Friday, March 25, 2005

Birthday boy

My son turned 12 last week, and I have been after him to have a birthday party. We've had one every year he's been in school, and it's been nice getting his special-ed classmates together outside of school for a little social contact. Last year he had a bowling party, and I thought that was pretty successful, and easy for me, and was really pushing for him to go for that again. But he was resistant; he said he was too old for parties. Finally, he decided that what he really wanted was for everybody to go to a local science museum -- a trip that is logistically much, much more complicated than bowling and pizza. This is what I get for pushing the issue. I'm not just hosting a party, I'm planning a field trip. Maybe I'm too old.

Wednesday, March 23, 2005

The king, and I, and the noisy people behind me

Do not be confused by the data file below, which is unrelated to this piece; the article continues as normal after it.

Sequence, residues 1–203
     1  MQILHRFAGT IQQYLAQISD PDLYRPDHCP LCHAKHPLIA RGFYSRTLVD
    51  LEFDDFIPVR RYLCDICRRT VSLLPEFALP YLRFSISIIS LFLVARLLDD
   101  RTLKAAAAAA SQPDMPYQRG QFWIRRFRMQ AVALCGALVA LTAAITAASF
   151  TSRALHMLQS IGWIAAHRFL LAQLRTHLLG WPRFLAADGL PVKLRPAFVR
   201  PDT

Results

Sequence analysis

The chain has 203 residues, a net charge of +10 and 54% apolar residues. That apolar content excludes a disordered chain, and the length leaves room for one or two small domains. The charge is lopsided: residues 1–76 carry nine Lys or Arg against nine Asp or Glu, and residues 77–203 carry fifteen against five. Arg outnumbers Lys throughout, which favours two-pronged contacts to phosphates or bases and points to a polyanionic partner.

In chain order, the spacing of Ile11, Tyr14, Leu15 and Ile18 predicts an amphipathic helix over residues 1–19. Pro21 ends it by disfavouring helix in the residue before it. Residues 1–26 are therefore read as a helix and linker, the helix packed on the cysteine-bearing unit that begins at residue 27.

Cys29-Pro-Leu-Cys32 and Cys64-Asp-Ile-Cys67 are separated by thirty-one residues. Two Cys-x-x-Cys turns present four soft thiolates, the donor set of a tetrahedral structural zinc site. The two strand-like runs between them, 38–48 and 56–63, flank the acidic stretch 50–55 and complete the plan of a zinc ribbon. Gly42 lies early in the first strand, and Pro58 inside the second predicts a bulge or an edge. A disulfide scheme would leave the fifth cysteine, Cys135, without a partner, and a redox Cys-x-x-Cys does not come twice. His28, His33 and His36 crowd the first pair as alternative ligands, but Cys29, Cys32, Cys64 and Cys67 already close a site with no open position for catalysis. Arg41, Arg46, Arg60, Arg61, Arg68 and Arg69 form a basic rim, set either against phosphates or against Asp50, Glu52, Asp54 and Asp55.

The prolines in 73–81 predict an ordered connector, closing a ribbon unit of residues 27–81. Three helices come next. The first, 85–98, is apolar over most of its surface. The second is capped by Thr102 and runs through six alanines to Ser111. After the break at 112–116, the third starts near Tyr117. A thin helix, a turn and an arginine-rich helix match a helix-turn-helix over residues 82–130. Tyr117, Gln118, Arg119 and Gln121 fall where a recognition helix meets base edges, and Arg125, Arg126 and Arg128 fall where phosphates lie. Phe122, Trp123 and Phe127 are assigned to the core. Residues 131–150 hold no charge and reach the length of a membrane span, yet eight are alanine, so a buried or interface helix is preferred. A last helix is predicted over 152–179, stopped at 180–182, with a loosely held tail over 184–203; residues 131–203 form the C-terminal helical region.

My daughter and I went to the spring musical at her middle school last night -- "The King and I," performed in a shortened version that left out some very familiar songs and added some really boring narration to cover up the plot gaps. But you gotta love little 11-, 12-, 13-year-old kids up there on stage belting out classic songs and pretending. The boy who played the king even shaved his head for the role. The girl who played Anna went to my daughter's elementary school and was in a writing enrichment class I taught there, so we were happy to cheer her on. The only really bad performance of the evening was given by the people sitting behind us, who just would not stop talking all through the performance. That was sad enough when it was a group of little gossiping girls who only broke from their whispered conversation to scream the names of actors when they'd successfully completed their numbers. But after a while a group of grown men sat in the row between us and the girls, and then they started talking, too. One of them was our district superintendent of schools (and the husband of one of my best library volunteers), so I could hardly give him the evil eye. But I thought about it, alright. Perhaps what we needed was for the King of Siam to stomp out into the audience with his bare feet and his bald head, clap his hands, and order, "Silence!" Hey, it worked for him onstage.